To create a fixture, we apply the @pytest.fixture decorator to a function. Let’s create a fixture to handle deploying our contract:

We then pass the result of the fixture into our tests by adding the fixture name as a test input argument:

The duplicated code is no more, and make our tests are now easier to maintain!

Sharing Fixtures across Test Modules

When you require the same fixture in multiple test files, you can move it into a file named within the same folder or a common parent folder. Pytest automatically discovers these fixtures and makes them available — you don’t have to import anything manually.

Chaining Fixtures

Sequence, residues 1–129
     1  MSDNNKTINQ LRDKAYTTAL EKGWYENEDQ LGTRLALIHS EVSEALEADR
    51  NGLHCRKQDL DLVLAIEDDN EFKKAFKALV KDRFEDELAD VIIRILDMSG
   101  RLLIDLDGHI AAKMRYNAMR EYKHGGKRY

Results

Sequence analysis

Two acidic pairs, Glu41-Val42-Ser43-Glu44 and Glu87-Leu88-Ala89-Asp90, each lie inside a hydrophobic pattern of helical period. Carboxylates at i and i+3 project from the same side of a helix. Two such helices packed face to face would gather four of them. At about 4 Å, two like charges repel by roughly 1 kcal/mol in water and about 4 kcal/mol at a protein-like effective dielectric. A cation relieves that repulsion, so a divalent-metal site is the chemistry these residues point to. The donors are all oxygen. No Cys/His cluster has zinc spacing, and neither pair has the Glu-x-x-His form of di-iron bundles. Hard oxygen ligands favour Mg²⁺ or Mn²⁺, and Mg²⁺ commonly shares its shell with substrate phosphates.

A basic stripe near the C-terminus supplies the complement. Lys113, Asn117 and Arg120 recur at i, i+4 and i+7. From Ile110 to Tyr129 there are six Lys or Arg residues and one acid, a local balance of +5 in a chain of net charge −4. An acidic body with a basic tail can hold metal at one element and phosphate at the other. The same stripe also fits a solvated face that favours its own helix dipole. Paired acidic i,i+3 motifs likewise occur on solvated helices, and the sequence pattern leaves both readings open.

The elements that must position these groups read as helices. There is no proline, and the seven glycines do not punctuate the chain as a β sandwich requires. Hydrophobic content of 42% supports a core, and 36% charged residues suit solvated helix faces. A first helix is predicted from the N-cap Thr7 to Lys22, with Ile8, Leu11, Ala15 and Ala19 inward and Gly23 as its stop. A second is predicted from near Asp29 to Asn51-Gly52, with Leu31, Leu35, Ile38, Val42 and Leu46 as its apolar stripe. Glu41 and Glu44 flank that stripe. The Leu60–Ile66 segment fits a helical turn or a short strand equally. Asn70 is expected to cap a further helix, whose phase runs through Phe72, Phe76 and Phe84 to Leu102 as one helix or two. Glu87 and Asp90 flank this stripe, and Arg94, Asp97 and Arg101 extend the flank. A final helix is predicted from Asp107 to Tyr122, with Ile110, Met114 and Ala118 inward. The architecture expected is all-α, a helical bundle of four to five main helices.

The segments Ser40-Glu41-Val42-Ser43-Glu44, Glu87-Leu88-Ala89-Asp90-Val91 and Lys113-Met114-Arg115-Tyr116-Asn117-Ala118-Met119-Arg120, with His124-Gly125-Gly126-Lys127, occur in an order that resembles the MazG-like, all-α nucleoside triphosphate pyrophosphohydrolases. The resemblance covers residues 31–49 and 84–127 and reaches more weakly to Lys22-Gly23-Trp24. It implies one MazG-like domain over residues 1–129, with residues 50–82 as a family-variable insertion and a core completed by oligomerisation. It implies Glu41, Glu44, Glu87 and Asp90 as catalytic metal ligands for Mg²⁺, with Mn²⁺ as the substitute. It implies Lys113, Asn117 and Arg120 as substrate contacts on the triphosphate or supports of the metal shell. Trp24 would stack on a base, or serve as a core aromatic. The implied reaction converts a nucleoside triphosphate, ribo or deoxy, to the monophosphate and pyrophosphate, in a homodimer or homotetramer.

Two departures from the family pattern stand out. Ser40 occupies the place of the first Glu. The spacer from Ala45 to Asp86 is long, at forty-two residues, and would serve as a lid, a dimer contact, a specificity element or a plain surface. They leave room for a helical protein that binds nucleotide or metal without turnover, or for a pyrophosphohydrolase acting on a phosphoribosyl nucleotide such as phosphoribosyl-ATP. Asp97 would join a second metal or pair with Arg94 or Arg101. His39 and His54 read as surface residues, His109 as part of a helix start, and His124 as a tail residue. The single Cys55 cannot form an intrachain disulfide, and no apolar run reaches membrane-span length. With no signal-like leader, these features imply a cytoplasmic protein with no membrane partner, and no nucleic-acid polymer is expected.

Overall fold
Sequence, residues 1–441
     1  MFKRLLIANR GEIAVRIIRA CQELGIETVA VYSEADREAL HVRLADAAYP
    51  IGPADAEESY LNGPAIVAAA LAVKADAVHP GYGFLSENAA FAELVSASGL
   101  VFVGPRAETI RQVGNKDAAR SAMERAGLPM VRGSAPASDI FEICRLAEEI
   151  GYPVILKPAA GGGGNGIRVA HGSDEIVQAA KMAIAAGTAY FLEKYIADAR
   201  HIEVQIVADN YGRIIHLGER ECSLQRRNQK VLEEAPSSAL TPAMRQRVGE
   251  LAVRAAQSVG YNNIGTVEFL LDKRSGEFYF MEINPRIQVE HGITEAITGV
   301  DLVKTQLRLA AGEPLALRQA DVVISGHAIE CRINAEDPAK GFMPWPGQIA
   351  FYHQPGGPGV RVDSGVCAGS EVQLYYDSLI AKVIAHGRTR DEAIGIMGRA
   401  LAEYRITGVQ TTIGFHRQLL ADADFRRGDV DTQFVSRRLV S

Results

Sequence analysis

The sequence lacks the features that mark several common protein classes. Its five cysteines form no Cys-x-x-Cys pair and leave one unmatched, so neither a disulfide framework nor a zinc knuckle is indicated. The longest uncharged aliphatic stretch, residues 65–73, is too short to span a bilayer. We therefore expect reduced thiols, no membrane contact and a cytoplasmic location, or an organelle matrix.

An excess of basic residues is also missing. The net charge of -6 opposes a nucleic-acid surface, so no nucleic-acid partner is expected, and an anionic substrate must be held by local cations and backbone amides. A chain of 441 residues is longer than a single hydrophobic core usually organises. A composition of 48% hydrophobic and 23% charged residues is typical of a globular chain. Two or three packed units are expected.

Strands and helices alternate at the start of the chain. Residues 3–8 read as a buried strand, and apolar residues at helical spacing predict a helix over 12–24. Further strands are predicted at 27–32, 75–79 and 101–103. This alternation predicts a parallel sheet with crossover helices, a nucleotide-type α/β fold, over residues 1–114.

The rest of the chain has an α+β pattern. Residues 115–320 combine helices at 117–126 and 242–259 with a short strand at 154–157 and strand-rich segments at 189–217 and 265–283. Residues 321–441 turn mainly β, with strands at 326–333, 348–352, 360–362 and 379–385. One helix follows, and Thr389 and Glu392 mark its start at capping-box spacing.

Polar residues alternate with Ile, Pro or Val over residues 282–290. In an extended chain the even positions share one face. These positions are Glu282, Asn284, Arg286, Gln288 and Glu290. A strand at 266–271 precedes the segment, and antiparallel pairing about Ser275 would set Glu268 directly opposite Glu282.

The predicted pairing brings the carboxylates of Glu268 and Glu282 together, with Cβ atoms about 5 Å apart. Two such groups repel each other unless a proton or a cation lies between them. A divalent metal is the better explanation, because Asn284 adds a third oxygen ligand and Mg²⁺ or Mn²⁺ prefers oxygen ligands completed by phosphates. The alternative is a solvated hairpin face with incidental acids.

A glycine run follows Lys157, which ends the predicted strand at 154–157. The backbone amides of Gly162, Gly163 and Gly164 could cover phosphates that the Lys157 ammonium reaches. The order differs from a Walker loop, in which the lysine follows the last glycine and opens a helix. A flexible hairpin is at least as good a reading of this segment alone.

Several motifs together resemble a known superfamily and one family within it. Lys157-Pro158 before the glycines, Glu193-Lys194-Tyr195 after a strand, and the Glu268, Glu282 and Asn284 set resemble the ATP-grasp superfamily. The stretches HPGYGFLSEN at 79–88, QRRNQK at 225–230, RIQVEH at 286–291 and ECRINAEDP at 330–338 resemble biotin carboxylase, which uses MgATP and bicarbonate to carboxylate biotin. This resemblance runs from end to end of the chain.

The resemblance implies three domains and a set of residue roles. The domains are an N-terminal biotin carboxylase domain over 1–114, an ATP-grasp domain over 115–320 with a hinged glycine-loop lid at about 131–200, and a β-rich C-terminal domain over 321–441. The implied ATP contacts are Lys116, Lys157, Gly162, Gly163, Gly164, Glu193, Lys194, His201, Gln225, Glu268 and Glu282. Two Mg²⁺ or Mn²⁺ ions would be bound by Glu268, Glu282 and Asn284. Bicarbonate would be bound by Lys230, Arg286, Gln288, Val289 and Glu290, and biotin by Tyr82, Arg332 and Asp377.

Along with passing fixtures into test functions, you can also pass fixtures into other fixtures. In this way you can build complex test setup processes with minimal repeated code.

As an example, let’s create a fixture to distribute tokens, that requires our original token fixture:

We can then add distribute_tokens to any test where we require an initial token balance in many accounts.

Builtin Fixtures

Brownie provides us with a set of builtin fixtures to access various functionality. As an example, let’s further refactor our current tests to use the builtin accounts and Token fixtures:

We’ve managed to remove the import statement by instead accessing the same functionality via builtin fixtures.

Most core Brownie components and project objects are available via fixtures — the Brownie documentation contains a complete list.

Fixture Scope

The default behavior for a fixture is to execute each time it is required for a test. By adding the scope parameter to the decorator, we can alter how frequently the fixture executes: